Malaga on Fiber

When I go on business trips or vacation, I usually do that in the mindset that Internet connectivity will not be as good as at home and that I will be restricted in some way. While in Europe, LTE coverage is usually good wherever I go and speeds are usually sufficient in the double digit Mbit/s range in both the uplink and downlink direction. That’s good enough for most things but outside of Germany, the amount of data I can use per month is still limited. Outside of Europe, things are worse but they are getting better. On the fixed line side I’ve long given up expecting decent Internet connectivity at hotels, with speeds in the double digit Mbit/s range in both the uplink and downlink direction being a huge exception rather than the norm. When I was recently in Malaga in southern Spain for a week, I went there with the same expectation but was very positively surprised about the triple digit up- and downlink speeds in the rental apartment.

One of the first things I did after arriving was to casually connect to the Wifi network of the apartment and run a quick app based speed test on my smartphone to get a first status indication. You probably understand my surprise when I saw a sustained downlink speed of 100 Mbit/s as well as 100 Mbit/s in the uplink direction! Wow, must be fiber I thought and, as far as the uplink is concerned, much more than I have at home in Cologne with my vectored DSL connection and also more compared to my fiber link in Paris, which both offer 40 Mbit/s in the uplink direction.

Is It Really Fiber?

When I had a bit more time I opened my notebook and ran iPerf, which confirmed my initial observation. Breathtaking! The Internet installation was not too hard to find, it was mounted over the apartment’s front door so I took a couple of ‘overhead’ pictures with the phone as I couldn’t see all connectors directly. At first I was a bit perplexed when I saw the cable TV connector. 100 Mbit/s in the downlink are possible over cable but the 100 Mbit/s in the uplink direction did not quite make sense if the TV cable was the source of the Internet. So I had a look at the bottom of the modem and found the GPON fiber connector. With the model name of the Fiber modem I downloaded the manual from the manufacturer’s website which confirmed that the cable TV connector is not an input but actually an output for the cable TV installation in the apartment. A ‘legacy’ connector so to speak.

Why Exactly 100 Mbit/s?

What I found a bit ‘suspicious’ was that the speed was 100 Mbit/s in both directions as that’s basically Fast Ethernet. So perhaps the Fiber connection itself is faster but there is a limitation on the link between the Fiber Modem and the Wifi Access point on top? So I connected my PC directly to the fiber modem with an Ethernet cable but got exactly the same result. So I went to the web page of the fiber company and quickly found the answer there. While I was overjoyed to have such a fast connection it’s actually the ‘basic’ offer for around 38 euros a month. For a few euros extra a month, one gets 600 Mbit/s or 1 Gbit/s. No problem for GPON. Wow, I can’t remember when I last thought that a ‘basic’ option of anything was actually already fantastic.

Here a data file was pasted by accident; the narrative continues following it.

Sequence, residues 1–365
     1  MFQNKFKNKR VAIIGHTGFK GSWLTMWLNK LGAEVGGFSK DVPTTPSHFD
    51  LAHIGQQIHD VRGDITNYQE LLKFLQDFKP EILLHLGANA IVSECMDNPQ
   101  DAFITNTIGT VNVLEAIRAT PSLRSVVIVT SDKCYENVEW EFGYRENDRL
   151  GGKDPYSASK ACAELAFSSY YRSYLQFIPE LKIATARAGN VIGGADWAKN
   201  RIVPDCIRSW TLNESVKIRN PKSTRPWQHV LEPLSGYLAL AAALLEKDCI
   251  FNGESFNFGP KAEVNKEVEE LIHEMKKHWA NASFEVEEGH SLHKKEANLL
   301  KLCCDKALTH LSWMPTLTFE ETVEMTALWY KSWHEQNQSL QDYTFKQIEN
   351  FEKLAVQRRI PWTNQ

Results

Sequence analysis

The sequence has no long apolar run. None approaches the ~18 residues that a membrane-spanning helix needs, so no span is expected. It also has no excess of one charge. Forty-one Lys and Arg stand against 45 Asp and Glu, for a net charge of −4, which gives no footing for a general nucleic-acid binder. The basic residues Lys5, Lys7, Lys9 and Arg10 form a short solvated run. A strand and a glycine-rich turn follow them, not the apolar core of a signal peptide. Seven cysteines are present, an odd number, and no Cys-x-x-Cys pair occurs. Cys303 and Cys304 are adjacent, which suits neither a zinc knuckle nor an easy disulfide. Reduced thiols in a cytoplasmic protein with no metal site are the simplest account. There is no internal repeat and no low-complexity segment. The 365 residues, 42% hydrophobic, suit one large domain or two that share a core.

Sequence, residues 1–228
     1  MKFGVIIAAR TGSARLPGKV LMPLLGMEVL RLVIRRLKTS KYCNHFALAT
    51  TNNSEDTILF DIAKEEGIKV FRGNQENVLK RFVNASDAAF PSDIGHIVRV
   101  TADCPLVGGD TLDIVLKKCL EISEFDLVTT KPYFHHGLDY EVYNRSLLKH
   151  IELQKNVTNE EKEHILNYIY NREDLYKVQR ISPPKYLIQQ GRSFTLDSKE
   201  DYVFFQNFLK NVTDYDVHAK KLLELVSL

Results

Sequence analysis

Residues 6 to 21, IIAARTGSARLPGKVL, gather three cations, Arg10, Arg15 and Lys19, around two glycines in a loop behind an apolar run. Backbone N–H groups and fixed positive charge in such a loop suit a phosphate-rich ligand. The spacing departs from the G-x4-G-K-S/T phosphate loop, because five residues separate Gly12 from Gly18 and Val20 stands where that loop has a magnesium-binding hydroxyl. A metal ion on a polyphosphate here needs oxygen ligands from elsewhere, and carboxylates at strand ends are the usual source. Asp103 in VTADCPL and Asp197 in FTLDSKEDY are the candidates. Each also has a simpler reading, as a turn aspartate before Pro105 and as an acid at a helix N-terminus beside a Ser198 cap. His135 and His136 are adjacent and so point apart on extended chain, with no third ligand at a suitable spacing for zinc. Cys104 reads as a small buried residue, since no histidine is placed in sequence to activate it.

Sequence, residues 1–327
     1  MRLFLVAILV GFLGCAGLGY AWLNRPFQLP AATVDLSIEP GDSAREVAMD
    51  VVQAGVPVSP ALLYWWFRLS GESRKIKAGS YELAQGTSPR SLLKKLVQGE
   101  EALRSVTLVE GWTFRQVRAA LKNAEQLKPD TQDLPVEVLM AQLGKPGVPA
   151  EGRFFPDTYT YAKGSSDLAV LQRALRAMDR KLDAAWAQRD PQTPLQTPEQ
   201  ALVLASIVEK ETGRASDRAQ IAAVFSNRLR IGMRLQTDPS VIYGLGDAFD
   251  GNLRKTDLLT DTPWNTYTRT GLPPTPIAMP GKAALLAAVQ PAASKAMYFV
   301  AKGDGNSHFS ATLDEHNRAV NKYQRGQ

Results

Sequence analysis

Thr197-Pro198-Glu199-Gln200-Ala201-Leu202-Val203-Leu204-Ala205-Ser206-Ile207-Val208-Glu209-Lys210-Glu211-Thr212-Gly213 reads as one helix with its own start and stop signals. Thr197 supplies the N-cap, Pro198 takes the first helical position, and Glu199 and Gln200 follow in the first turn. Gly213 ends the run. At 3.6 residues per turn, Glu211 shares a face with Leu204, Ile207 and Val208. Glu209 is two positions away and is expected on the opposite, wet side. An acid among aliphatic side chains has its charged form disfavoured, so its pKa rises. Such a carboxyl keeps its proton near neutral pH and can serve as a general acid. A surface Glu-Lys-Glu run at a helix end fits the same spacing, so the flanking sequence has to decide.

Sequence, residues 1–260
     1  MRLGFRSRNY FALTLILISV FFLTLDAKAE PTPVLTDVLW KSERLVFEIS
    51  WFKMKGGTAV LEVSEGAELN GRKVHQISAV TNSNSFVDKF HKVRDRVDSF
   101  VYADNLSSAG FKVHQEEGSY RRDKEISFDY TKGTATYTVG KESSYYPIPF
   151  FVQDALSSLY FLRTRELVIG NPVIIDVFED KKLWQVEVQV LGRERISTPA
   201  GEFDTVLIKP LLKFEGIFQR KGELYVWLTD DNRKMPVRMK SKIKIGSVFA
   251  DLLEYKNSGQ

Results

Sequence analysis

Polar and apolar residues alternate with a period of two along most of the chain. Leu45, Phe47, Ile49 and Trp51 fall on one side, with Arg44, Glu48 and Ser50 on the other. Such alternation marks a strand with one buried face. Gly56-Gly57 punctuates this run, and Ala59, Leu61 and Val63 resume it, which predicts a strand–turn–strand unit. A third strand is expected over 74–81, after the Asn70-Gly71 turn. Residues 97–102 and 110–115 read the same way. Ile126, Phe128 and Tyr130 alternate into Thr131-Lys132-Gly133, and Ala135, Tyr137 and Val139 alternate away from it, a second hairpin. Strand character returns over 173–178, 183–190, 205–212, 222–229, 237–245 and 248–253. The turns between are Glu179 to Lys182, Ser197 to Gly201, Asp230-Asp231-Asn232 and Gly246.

I Like Symmetry

What I also like about the offer is that connectivity is symmetric. My vectoring DSL at home also offers 100 Mbit/s in the downlink direction but is limited to 40 Mbit/s in the uplink direction. And while I get around 270 Mbit/s in the downlink direction on my Paris fiber link, the uplink speed is also limited to around 50 Mbit/s.

Outdoor Installation

Many people wonder how countries like France and Spain get fiber into homes while other countries struggle. One reason for that is that outdoor installations are usually on the wall and via cables over poles rather than underground and in cable ducts like in countries such as Germany. The pictures on the left shows one good and one bad example of the outside cable installation in Malaga. Very unlikely that we would ever see something like this in Germany. Obviously doing things this way makes fiber deployment a lot faster and cheaper. And at least in my multi-year experience in Paris, where the fiber installation is of a similar ‘quality’, I didn’t have a single outage yet from torn cables somewhere along the line.

More of the same in the future, please!

3 thoughts on “Malaga on Fiber”

  1. Yeah, i am wondering also why in suburban areas in Germany where the Powersupply and the Telecomline is still on poles we are not deploying Fiber this way too.
    Next to all the regulatoric topics and the aim of the Deutsche Telecom to pupm up the datarates on the copper wires until they are rotten to verdigris, the paradigma to burry all the wires/fibres seems to be a huge braking parachute for the fiber deployment in Germany.

    1. Yep, I’ve seen pole mounted fiber lines in Mexico. They looked pretty new. Probably the easiest way to get fiber to the people quickly.

      I have seen “air mounted” telephone lines in Bolivia and it really looked ugly as hell and people told me that if the telecom technician of a district dies or retires there is a problem because there i no proper documentation etc… but the obligation to bury cables should be put into some compromise like “put fiber on poles for now and then in the long run replace them with proper buried cables”…
      (well, nothing lasts longer then the interim solution but still…)

  2. In the US, things vary enormously by state, county and locality. For example, many parts of northern Virginia can subscribe to Verizon’s “FiOS” GPON service where speeds are symmetric and the maximum tier is pretty close to gigabit. But where I live (about 40 miles away), FiOS is unavailable and the Comcast (the local cable TV company) offers DOCSIS 3.0 service that has a maximum speed of about 200M downlink and significantly slower uplink.

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